Posted by Subversive Runner at 07:00
If you're a user of social networking sites like Facebook you would have seen it today.
Every single person who acknowledges being brought into the world through a woman's birth canal wishing their mother, aunt, gran, wife, neighbour and, in one case I saw, some Z-list celebrity, a happy Mothering Sunday.
I avoid such frippery, preferring to look on from afar with snooty, snobbish disdain. Mainly because much of it is just stomach-churning, chintzy nonsense.
But also because my old ma died 21 years ago.
I used to get a bit upset at this time of year because my mum, Val checked out shortly after Mother's Day 1994. But they say time's a healer and it's true that the feelings of loss and sadness fade as the years pass. She's never forgotten, of course but memories of seaside trips to Southend and fishing with a net for sticklebacks in Keston ponds kinda replace the reminiscence of that night 21 years ago.
I'd been to see my mum during the day. It was an 18 mile trip from my house in Surrey to my parents' gaff in Camberwell made easy by journeying on my motorbike. When I walked into the sitting room my brother, John followed in behind me.
Mum was lying on the sofa, her 54 year old body ravaged by chemotherapy and looking like she'd been the victim of a concentration camp. She never carried too much weight anyway...I remember as kids we'd sit down to a meal on Sunday and she'd have a bowl of Brussels sprouts because there wasn't enough to go round.
'Hello, David,' she said (I was always called by my birth name rather than the more common, Dave).
She looked at my brother John and said, 'Who's your friend? Tell him to sit down and go and make him a cup of tea.'
We knew then that things weren't looking good but the quacks reckoned we had another couple of months with her.
We spent a nice day together watching the telly and chatting, my other siblings popping in through the afternoon. When I left I made mum promise me that she'd drink this highly calorific meal replacement shake that she'd been prescribed.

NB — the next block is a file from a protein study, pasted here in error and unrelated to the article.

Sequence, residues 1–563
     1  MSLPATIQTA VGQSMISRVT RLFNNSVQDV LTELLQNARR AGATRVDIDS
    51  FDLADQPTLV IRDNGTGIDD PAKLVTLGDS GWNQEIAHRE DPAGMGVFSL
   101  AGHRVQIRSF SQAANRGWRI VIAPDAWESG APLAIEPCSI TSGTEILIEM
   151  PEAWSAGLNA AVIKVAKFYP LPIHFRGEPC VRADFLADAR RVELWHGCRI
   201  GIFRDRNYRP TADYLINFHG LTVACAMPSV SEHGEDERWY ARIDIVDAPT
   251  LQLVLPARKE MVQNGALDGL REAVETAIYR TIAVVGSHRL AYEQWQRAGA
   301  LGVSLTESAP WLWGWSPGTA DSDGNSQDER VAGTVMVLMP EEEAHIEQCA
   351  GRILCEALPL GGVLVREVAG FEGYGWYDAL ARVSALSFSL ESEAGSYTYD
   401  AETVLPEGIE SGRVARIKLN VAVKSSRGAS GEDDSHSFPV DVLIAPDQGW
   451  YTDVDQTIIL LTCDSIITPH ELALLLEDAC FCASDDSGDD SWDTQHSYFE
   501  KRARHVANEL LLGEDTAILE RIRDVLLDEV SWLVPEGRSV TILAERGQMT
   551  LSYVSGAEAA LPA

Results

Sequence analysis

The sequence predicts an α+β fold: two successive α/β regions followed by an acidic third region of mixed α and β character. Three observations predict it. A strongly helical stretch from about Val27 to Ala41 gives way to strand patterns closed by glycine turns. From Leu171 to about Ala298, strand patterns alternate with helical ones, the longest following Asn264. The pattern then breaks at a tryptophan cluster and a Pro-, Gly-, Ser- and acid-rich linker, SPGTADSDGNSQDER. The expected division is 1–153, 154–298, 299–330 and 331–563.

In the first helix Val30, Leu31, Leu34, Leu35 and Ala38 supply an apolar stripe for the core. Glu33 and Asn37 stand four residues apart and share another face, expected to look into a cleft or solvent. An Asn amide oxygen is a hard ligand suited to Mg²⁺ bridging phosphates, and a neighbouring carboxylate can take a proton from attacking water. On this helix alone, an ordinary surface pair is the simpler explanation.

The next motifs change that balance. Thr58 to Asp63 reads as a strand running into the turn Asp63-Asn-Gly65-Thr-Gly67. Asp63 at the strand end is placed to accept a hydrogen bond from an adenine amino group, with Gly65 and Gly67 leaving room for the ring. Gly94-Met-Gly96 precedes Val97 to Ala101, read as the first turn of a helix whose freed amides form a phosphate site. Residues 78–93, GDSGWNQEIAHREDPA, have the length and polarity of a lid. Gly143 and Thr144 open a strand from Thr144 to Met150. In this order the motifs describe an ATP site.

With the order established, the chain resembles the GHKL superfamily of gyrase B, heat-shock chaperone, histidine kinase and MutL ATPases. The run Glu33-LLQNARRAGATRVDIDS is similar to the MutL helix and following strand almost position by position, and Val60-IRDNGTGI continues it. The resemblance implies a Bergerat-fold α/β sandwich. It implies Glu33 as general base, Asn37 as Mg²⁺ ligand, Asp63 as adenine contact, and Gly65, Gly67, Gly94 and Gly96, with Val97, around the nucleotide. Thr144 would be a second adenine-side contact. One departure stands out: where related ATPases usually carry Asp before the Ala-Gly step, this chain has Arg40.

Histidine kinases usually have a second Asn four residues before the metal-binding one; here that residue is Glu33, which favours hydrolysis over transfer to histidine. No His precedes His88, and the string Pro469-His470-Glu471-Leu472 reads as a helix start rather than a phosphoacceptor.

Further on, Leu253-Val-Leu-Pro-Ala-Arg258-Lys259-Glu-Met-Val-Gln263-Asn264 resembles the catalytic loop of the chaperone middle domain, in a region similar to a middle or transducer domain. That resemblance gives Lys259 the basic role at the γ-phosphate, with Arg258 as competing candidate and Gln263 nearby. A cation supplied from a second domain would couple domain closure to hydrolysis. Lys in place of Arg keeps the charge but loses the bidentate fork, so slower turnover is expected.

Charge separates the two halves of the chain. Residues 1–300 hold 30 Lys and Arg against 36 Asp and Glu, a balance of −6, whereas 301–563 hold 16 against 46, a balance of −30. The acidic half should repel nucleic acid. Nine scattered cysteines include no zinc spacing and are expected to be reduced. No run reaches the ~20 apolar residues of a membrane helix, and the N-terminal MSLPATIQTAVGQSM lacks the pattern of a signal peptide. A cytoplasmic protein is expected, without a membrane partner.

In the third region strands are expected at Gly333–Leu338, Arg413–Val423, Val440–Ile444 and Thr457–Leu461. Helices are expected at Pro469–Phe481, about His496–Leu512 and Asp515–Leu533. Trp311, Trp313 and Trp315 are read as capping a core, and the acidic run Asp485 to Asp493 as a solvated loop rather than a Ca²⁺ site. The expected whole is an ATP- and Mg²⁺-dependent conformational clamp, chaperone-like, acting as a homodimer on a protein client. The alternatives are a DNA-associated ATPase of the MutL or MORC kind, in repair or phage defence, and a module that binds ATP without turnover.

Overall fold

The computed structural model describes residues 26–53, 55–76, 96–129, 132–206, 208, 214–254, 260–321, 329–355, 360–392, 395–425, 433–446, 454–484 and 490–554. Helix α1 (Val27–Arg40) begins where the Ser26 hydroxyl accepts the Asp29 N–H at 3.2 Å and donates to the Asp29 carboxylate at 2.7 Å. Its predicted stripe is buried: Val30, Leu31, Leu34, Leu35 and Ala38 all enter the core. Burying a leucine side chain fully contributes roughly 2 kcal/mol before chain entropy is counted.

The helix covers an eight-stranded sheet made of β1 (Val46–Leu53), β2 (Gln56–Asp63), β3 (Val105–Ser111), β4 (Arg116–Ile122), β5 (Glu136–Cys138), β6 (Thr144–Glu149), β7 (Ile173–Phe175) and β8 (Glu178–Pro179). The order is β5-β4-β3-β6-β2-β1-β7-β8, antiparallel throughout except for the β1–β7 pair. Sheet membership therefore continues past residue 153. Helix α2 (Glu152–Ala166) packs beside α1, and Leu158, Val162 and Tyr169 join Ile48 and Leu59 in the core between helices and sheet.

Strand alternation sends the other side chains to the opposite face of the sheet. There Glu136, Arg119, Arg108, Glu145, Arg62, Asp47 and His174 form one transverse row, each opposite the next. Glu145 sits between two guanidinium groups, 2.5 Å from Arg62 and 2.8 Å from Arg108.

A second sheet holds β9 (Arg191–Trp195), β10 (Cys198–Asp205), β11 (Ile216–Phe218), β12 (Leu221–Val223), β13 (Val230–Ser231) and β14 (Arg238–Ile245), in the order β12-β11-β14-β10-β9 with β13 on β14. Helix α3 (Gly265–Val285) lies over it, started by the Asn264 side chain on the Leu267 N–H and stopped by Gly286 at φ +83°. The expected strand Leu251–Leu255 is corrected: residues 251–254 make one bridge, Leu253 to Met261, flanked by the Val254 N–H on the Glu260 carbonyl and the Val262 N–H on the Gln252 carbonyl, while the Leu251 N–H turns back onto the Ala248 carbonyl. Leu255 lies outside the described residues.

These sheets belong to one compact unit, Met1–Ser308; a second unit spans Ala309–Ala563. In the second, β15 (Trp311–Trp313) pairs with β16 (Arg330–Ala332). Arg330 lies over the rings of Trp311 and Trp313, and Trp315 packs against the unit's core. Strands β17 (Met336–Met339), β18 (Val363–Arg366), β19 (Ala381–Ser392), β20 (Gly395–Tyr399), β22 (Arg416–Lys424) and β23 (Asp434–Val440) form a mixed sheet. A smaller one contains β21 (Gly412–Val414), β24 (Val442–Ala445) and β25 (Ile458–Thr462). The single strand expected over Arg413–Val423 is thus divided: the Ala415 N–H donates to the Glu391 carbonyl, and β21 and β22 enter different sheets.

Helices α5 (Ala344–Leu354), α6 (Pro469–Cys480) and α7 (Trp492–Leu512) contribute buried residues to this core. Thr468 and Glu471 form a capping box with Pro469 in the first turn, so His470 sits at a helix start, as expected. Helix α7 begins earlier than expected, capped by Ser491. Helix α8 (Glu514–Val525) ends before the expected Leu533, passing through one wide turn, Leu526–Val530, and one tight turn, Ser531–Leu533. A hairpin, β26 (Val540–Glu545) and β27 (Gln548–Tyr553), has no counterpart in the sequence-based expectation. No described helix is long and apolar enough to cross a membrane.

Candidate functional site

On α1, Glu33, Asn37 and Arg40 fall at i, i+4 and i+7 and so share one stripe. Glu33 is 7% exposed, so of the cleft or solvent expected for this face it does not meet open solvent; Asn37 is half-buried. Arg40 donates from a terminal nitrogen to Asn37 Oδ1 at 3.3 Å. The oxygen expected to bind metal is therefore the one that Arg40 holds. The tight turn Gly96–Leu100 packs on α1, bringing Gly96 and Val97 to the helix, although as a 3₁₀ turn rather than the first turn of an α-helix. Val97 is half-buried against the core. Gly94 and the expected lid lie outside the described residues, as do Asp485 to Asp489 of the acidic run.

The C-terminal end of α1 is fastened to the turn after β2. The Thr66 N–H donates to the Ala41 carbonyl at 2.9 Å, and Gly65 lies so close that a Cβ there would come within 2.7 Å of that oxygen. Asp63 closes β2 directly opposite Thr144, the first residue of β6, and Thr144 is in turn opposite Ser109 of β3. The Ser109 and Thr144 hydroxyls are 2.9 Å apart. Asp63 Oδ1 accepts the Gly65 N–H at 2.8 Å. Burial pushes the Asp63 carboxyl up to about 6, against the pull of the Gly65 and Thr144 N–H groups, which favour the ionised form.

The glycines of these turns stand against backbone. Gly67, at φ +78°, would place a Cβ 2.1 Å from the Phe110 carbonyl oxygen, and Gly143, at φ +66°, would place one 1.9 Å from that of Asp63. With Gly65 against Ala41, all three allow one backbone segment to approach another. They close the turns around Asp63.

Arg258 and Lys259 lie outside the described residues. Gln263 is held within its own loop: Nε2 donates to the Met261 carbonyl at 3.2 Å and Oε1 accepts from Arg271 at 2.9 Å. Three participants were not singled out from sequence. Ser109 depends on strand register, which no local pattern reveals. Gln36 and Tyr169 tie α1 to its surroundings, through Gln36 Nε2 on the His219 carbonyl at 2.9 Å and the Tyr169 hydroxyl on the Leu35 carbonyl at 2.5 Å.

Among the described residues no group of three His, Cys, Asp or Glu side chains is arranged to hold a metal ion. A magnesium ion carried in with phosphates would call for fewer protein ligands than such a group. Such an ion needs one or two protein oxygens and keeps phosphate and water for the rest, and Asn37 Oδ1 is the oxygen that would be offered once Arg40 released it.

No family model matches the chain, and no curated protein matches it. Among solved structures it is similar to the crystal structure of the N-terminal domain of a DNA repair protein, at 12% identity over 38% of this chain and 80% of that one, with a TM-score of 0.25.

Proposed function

'David,' she said. 'I promise that if I can take it I will.'
I left, jumped on my motorbike and fucked off home. No kiss for mum, no 'I love you', no nothing. We'd been raised to not indulge in such endearing behaviour...I can't recall ever being kissed by my dad in 48 years.
I got home and slammed into a bottle of Scotch. Mum hadn't even recognised my brother, there was no way she was gonna be here in a couple of months. As I sat in my chair pouring drink after drink I promised myself that next time I saw my mum I would kiss her and tell her I love her.
It was 02:30 when the landline next to my bed rang. I picked the receiver up and groggily croaked, 'Hello?'
'David, it's Dad,' came the reply. 'I think your mum's dead. She's lying next to me not moving. I don't know what to do.'
Immediately everything came into focus.
'Dad, what's her temperature like? Have you checked for a pulse?'
'She's cold, son. I don't know how to check her pulse...' then he started sobbing.
'I'm on my way, Dad,' I said and jumped out of bed.
I made my way toward the pile of clothes on the dressing table and stumbled, almost falling over. 'Shit!' I thought. 'That bottle of whisky has properly fucked me up.'
Never mind, it was 02:30 and adrenalin was driving me on. Clothes on, boots on, jacket and crash helmet on and I'm roaring through the streets on my motorbike heading into town.